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Regarding the statement Mathematics is rife with contradictions Most people would say that this is wrong. Certainly: this is not known to be true. Indeed, if you could show that this is true, you'd become world famous. For a decent first discussion of possible inconsistency "of mathematics" -- rather: one of its widely used foundations -- , see this ...


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Welcome, Jacob. The following extract from Christopher Norris might throw some light on where the foursome derive from and how they do not exclude philosophy. ... one can best summarize by saying that any such [full] treatment would involve consideration of the central role played in his thinking by four such subject-areas. These are mathematics (in ...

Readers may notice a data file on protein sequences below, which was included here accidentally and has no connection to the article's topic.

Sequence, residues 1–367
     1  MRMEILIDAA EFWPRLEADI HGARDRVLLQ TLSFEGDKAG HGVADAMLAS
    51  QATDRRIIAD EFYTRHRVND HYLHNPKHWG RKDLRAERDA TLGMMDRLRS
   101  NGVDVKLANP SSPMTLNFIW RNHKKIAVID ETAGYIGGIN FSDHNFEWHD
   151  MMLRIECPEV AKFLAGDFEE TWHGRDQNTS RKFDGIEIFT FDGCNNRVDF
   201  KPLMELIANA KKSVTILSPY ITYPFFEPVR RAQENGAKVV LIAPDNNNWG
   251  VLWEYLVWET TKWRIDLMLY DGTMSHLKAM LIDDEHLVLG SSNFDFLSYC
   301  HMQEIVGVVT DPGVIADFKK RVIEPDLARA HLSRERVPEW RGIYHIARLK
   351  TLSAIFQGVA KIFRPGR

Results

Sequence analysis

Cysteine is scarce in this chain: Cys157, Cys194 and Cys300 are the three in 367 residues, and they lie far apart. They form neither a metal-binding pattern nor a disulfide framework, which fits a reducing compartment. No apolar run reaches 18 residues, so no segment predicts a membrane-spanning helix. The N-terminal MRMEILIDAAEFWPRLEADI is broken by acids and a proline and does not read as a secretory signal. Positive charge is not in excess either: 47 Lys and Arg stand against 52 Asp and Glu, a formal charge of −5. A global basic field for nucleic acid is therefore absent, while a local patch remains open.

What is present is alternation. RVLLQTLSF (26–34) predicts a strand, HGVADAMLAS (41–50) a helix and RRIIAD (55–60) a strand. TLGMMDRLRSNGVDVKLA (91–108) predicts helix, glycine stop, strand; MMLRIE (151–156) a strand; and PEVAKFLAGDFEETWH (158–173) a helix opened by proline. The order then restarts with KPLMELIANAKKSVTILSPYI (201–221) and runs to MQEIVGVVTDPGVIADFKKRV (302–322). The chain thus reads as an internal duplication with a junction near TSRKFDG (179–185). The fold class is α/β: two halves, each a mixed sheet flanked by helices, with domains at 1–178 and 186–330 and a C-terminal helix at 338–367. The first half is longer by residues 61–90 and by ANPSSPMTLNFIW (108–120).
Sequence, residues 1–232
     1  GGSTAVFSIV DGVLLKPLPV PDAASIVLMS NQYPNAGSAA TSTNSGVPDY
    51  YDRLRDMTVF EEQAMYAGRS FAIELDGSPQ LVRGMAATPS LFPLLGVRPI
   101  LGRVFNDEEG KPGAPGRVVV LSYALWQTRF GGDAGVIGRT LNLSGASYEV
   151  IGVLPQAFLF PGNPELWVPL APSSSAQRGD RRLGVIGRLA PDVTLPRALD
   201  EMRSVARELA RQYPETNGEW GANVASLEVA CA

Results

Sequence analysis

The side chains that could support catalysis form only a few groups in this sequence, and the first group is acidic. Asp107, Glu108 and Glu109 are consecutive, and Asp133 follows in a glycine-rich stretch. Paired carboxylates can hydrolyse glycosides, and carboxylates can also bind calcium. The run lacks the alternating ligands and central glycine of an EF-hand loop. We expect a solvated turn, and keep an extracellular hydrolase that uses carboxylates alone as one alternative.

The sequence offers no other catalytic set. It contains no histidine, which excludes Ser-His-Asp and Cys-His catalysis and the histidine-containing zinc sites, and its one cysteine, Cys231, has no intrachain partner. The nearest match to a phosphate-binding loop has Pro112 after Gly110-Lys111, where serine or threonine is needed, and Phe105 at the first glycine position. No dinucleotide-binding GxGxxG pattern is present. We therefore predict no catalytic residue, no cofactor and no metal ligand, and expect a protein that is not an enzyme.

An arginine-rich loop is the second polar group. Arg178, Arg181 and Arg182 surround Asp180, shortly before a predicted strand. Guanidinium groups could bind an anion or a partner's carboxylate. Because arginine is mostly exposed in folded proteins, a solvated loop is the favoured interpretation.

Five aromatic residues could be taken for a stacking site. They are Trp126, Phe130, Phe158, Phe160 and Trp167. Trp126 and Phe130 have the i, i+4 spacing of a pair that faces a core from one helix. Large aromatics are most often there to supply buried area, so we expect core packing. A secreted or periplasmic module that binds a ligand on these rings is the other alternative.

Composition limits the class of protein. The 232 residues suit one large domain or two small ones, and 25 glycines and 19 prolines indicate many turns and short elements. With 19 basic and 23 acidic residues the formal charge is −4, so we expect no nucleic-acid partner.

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It is the other way around. Falsification is just a statistical form of proof by contradiction. In proof by contradiction, you start off by assuming that a premise p is true. Then you show that such an assumption leads to a conclusion q, which has already been shown to be false. So long as we assume that our axiomatic system is logically consistent, this ...


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Of course it doesn't apply. It only applies to natural science. And even there, it doesn't apply everywhere. In a strict sense it applies only where you can conduct experiments in a controlled environment, i.e., test hypotheses. This, IMHO, excludes, for example, the theory of evolution. While this theory does a great job of explaining the development of ...